How Trump should take on China

In 2017, the U.S. Commission on the Theft of American Intellectual Property released a report detailing the cost of China’s theft of American intellectual property. The findings were staggering: theft by all parties accumulates an annual cost of $255 to $600 billion a year. The report specifically named China as the principal offender.

It’s no secret China engages in unethical practices to grow their economy. The international community has been trying to leverage global bodies like the World Trade Organization to prevent China from cheating the game of global trade for years. Yet, China continues stealing intellectual property, unfairly subsidizing domestic firms and ignoring other countries’ demands that they stop distorting market practices.

It isn’t just China’s economic practices we have to worry about. Chinese President Xi Jinping continues to bully and intimate their neighbors over disputes in the South China Sea, a contested set of islands in the Pacific Ocean. Instead of abiding by the Law of the Seas, a United Nations treaty governing international waters, China has militarized the Spratly Islands and ignored rulings ordering them to back off.

Justifiably so, the United States has expressed outrage over China’s behavior. President Trump is not the first president to shake his fist at their carelessness towards fair trade and the rule of law. Unfortunately, he’s taken a brazen and dangerous stance to address his grievances.

Specifically, Trump has responded by starting a trade war with China. This occurs when two countries place restrictions on what they can trade with each other, which increases the costs of exports. By raising tariffs, the argument goes, China will feel pressure to back down from their illegal behavior and come to the table for negotiations.

The problem with this strategy is that China has the power to weather the financial damages of U.S. tariffs, and thus has no reason to capitulate. Though the U.S. buys plenty more from China, Jinping can wield the state’s control over the economy by subsidizing companies being hit by tariffs and shield them from job losses. As a result, China can withstand years of massive tariffs without breaking much of a sweat.

The U.S., on the other hand, is more likely to suffer the immediate harms of a trade war. Tariffs disrupt supply chains and force companies to pass on costs to consumers, resulting in higher prices that low-income Americans can’t afford. It also squeezes key U.S. industries like agriculture, which don’t enjoy the same massive subsidies that Chinese firms do.

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More importantly, on a broader economic scale, a trade war is likely to slow economic growth and, just as it did when we last engaged in one, push the economy into recession.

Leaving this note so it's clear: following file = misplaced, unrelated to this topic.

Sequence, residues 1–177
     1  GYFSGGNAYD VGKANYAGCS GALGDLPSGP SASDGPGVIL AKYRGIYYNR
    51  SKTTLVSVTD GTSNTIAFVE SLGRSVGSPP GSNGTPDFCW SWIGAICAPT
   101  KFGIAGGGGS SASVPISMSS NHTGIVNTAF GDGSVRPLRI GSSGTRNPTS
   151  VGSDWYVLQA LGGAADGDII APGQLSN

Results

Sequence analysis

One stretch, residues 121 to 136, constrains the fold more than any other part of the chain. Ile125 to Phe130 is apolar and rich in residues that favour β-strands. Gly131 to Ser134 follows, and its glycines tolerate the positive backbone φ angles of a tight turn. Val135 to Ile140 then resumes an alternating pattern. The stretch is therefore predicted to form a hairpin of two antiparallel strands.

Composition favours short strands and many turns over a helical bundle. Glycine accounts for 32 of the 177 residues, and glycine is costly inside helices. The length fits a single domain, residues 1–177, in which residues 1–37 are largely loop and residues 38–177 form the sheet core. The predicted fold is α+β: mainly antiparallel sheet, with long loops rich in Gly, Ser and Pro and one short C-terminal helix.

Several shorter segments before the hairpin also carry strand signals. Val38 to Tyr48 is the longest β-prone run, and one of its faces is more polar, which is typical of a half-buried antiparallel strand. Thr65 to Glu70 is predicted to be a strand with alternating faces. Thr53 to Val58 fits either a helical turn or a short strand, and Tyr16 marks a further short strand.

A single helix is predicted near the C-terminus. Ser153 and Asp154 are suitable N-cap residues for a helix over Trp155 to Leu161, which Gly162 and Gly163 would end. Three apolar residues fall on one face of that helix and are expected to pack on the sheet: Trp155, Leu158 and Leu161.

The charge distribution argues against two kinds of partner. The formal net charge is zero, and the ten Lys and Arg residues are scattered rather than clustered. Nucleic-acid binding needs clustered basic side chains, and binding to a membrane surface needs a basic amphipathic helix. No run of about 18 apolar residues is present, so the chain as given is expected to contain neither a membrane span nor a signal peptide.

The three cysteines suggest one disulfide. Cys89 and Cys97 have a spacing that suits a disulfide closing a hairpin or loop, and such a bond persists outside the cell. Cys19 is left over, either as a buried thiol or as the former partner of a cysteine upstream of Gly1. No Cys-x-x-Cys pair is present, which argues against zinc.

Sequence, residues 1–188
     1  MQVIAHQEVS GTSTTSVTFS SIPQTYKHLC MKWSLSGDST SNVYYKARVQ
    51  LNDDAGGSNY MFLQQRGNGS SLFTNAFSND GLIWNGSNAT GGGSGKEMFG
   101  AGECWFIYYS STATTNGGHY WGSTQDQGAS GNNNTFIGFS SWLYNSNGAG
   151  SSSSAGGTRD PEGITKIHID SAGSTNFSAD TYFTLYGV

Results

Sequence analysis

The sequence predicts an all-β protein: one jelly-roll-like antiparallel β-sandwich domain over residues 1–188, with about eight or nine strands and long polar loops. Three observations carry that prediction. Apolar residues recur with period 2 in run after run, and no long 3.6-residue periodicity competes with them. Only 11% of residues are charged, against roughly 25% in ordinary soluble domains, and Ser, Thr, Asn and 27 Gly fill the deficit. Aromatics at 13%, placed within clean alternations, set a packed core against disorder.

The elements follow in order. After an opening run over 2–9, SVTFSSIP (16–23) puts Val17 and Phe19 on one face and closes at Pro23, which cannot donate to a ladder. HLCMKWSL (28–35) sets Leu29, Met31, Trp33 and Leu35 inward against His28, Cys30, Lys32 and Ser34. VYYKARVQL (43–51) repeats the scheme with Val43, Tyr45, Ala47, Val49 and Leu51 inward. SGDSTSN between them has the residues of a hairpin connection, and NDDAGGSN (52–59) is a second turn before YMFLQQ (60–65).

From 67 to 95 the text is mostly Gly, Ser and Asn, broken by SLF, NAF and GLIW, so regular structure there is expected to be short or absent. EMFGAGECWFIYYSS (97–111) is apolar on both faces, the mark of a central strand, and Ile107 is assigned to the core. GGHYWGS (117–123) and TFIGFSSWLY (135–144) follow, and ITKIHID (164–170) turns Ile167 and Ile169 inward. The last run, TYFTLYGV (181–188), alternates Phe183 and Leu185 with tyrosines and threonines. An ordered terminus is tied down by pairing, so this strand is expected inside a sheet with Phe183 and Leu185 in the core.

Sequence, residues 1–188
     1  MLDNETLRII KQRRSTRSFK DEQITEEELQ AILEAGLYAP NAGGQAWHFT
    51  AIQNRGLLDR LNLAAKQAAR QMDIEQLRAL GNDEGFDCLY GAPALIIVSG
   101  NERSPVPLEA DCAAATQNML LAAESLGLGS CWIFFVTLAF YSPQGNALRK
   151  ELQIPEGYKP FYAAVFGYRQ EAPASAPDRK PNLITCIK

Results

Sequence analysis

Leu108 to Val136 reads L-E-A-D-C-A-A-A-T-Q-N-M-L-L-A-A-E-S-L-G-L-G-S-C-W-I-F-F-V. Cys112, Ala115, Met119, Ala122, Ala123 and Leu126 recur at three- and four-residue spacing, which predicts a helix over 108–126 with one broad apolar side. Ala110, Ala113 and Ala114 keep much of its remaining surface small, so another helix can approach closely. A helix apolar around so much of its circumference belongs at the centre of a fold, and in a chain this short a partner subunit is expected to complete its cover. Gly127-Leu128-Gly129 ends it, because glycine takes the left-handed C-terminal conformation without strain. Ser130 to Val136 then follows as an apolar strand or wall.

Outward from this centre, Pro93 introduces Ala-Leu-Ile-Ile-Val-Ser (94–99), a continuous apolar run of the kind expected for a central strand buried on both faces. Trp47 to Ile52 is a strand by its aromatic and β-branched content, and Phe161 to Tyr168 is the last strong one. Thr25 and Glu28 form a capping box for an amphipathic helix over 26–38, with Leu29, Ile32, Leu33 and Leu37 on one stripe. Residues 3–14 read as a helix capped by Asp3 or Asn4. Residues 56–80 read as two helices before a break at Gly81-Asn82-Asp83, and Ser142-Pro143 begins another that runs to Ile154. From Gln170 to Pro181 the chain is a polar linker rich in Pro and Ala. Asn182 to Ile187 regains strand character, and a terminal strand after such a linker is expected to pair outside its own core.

Trump may be right about China’s bad practices, but he’s wrong about what to do about it. If the U.S. wants to leverage its power against bad actors, it should use its enormous presence in the international community and embrace the rule of law to fight back.

For starters, Trump should utilize the World Trade Organization to check back against China. Though it has had trouble getting them to behave, it has been historically successful in compelling China to liberalize their economy and open up trade to the rest of the world. With persistence and multilateral pressure, the U.S. can bend China to its will.

Trump should also embrace global trade as a way to prevent China from breaking the rules. Ironically, the Trans Pacific Partnership, which Trump withdrew from immediately upon entering office, would have prevented China from seizing open markets in Asia that give them an advantage over the U.S. Now, China is becoming economically dominant in the fastest growing economies in the world.

More importantly, it would have given Western countries more bargaining power in the region, making it harder for China to game the system.

The last thing Trump can do to take on China is embrace international organizations. Trump has an affinity for ditching our obligations abroad. In the last two years, we’ve withdrawn from the Paris Accords, the UN Human Rights Commission and the Iran Deal. He’s threatened to leave NATO, abandoned security commitments with Japan and nearly sabotaged NAFTA re-negotiations.

The U.S. will not become stronger by isolating itself. Trump cannot simultaneously demand that everyone play by our rules while also undermining the institutions that give us the authority to police them.

If Trump wants to stop China, he needs two things: influence and credibility. Both of those require a steadfast commitment to the international order and a willingness to cooperate with others within the confines of the law. An absence of that cooperation will rob America of their influence and allow China to parade their nonchalant indifference towards law and order for as long as they want.

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